Tag Archives: bht

ConAgra’s unsuccessful attempt to promote Marie Callender’s

marie callender's
Brought to you by Foodfacts.com:

As many consumers know, ConAgra has been targeted for marketing “natural” oils, which are far from natural; and producing what most people commonly refer to as “frankenfood.” In an effort to boost their publicity and promote their line of products, ConAgra hired a PR firm to setup a lavish event for well-known culinary bloggers to attend a dinner prepared by celebrity chef George Duran. However, the bloggers were not served food created by George Duran, instead they were served ConAgra’s popular frozen brand, Marie Callender’s. Apparently, they expected the bloggers to receive the joke in good terms and return home to blog about how great their meals were. Wrong reaction. The bloggers were furious with ConAgra’s actions and took to the internet to proclaim so. We understand why these bloggers would be upset, because looking closely at these frozen dinners, anyone would cringe at the awful combination of ingredients.
Marie Callender's at Foodfacts.com!

One entree choice from the Marie Callender’s product line is turkey breast with stuffing. This 380 calorie meal is equipped with about 80 ingredients, some of which are very controversial. TBHQ, BHA, BHT, various artificial flavors, “natural” flavors, MSG, carrageenan, partially hydrogenated oils, caramel coloring, high fructose corn syrup, gelatin, disodium guanylate, and many more of our worst controversial ingredients all accompany the few turkey breast medallions and small portion of what appears to say “gravy.” There is also 1,370 mg of sodium, 4 g of saturated fat, and 60 mg of cholesterol. Choose your foods wisely! This meal is unlikely to leave someone feeling good after they dig into it.

Marie Callender's at Foodfacts.com!
Marie Callender’s lasagna, which was served at the deceiving dinner party, has about 30% of the daily value for saturated fat, 31% the daily value for sodium, and 45 mg of cholesterol. Lest we forget it also contains sodium benzoate, which has been shown to be carcinogenic in the presence of vitamin C. This particular product contains 8% of vitamin C from tomatoes, and maybe a few other ingredients, which isn’t much, but who would take such a chance from a boxed dinner? Also, there are two different sources for flavoring, and partially hydrogenated oils. Overall, not a great product. I would be displeased too if this was served to me!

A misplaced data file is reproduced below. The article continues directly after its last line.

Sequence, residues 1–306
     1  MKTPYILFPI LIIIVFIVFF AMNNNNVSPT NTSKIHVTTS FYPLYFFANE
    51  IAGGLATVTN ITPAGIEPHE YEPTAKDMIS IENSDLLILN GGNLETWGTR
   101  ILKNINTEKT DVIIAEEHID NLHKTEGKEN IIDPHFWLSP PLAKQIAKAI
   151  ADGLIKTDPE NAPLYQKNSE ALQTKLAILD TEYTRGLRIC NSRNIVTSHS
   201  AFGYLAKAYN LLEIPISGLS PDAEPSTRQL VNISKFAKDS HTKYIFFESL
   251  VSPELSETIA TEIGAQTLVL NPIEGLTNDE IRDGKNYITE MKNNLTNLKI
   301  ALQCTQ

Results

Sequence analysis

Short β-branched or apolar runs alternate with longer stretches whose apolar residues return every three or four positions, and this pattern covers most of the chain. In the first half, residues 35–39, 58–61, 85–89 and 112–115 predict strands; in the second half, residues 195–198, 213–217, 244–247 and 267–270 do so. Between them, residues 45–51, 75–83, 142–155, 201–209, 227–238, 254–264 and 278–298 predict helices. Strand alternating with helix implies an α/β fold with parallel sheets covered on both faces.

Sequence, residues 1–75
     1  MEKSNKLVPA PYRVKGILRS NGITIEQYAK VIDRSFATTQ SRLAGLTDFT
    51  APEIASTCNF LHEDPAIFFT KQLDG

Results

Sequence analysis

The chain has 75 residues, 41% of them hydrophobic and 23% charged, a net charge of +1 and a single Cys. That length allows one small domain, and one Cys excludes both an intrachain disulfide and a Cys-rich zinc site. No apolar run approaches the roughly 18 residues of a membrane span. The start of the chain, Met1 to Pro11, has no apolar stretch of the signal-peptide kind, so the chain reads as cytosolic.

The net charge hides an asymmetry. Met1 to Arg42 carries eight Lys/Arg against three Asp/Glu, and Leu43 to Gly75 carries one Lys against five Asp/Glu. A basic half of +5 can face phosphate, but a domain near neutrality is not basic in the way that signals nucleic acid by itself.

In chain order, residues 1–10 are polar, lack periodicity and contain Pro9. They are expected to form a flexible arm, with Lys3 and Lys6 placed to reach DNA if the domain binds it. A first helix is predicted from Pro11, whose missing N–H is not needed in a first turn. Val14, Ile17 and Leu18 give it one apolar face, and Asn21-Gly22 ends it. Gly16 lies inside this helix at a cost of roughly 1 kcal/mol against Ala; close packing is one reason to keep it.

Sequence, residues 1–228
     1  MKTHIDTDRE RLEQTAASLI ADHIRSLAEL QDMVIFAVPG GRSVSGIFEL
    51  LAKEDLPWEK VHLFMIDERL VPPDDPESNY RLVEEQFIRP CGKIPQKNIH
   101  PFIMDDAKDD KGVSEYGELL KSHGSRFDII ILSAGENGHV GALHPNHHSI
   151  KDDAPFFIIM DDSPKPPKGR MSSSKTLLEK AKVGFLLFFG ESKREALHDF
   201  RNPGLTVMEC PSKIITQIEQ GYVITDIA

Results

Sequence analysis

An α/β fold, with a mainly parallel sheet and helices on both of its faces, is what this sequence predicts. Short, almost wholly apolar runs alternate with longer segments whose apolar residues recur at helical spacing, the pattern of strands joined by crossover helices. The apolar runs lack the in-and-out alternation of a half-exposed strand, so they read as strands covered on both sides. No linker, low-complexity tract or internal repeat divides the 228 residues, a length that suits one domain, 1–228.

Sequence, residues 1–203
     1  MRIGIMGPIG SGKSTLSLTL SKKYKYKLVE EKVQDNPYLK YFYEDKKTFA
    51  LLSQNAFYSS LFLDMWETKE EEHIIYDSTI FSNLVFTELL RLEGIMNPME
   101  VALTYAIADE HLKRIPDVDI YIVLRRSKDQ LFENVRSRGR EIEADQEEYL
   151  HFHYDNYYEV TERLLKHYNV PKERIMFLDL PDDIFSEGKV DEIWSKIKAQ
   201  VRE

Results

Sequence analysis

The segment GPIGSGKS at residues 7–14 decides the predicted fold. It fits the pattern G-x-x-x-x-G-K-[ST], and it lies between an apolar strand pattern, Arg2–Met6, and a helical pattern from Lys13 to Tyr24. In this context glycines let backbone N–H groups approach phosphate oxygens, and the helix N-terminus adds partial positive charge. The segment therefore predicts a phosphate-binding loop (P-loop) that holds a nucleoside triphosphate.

razzleberry pie at Foodfacts.com!
Being served a warm homemade pie isn’t quite like a microwaved razzleberry pie from a Marie Callender’s box. Though they don’t contain a very large list of ingredients in comparison to other brands, Mari Callender’s pie still contains trans fat, a hefty load of added sugars, various modified starches, and quite a bit of sodium. Also, just one slice is 360 calories. We’re pretty sure it’s not a thick slice, but more of a tiny sliver. Watch your portions if you’re daring enough to try it!

What is the food additive BHT?

draft_lens17819588module149363778photo_1302056781bht
Foodfacts.com wants you to know what controversial food additives are really being put into your foods. Butylated hydroxytoluene (BHT) is a food additive which is used as a preservative, and when it appears on food labels, it indicates that the manufacturer is concerned about the potential for the food to go rancid. BHT is also used as a preservative in a number of other things, ranging from cosmetics to jet fuel. The substance was developed in the late 1940s, and approved for use in the 1950s.

This substance is an antioxidant, preventing oxidation damage to fats. When foods which are high in fat are not treated with preservatives, the fats can go rancid very quickly, causing the fats to taste bad, and potentially creating health risks for consumers. By using preservatives like BHT, manufacturers can ensure that their foods are shelf-stable longer, and that their flavors will be retained. Essentially, BHT intercepts free radicals, preventing them from attacking the fats.

BHT often appears in things like potato chips, which tend to be high in fat, along with baked goods and a wide variety of other foods. In cosmetics and other products, BHT works in the same way, protecting the fats in the product from damage which could cause the product to separate or go bad in other ways. In some instances, a related substance known as butylated hydrooxyanisole (BHA) may be used instead of BHT. BHA began displacing BHT in the 1970s, due to concerns about the health risks of BHT.

In pure form, BHT is a crystalline white power. It is highly fat soluble, allowing manufacturers to mix it into food as it is produced so that consumers will not notice the appearance or flavor of BHT. Like other food additives, BHT must be identified on a label; you may also see it identified as E321 in the European Union, which uses a system of numbers to mark various food additives.

The health risks of this food additive are a topic of debate, and further research is clearly needed. Some studies have linked BHT with an increase in tumors and malignant cancers, while others have suggested that it may help to protect the body from free radicals which cause other cancers. BHT also seems to have some antimicrobial and antiviral activities, and it has in fact been used in medical research for treating conditions like herpes. The Food and Drug Administration still considers BHT to be safe, although consumers who wish to avoid it may want to check their labels carefully.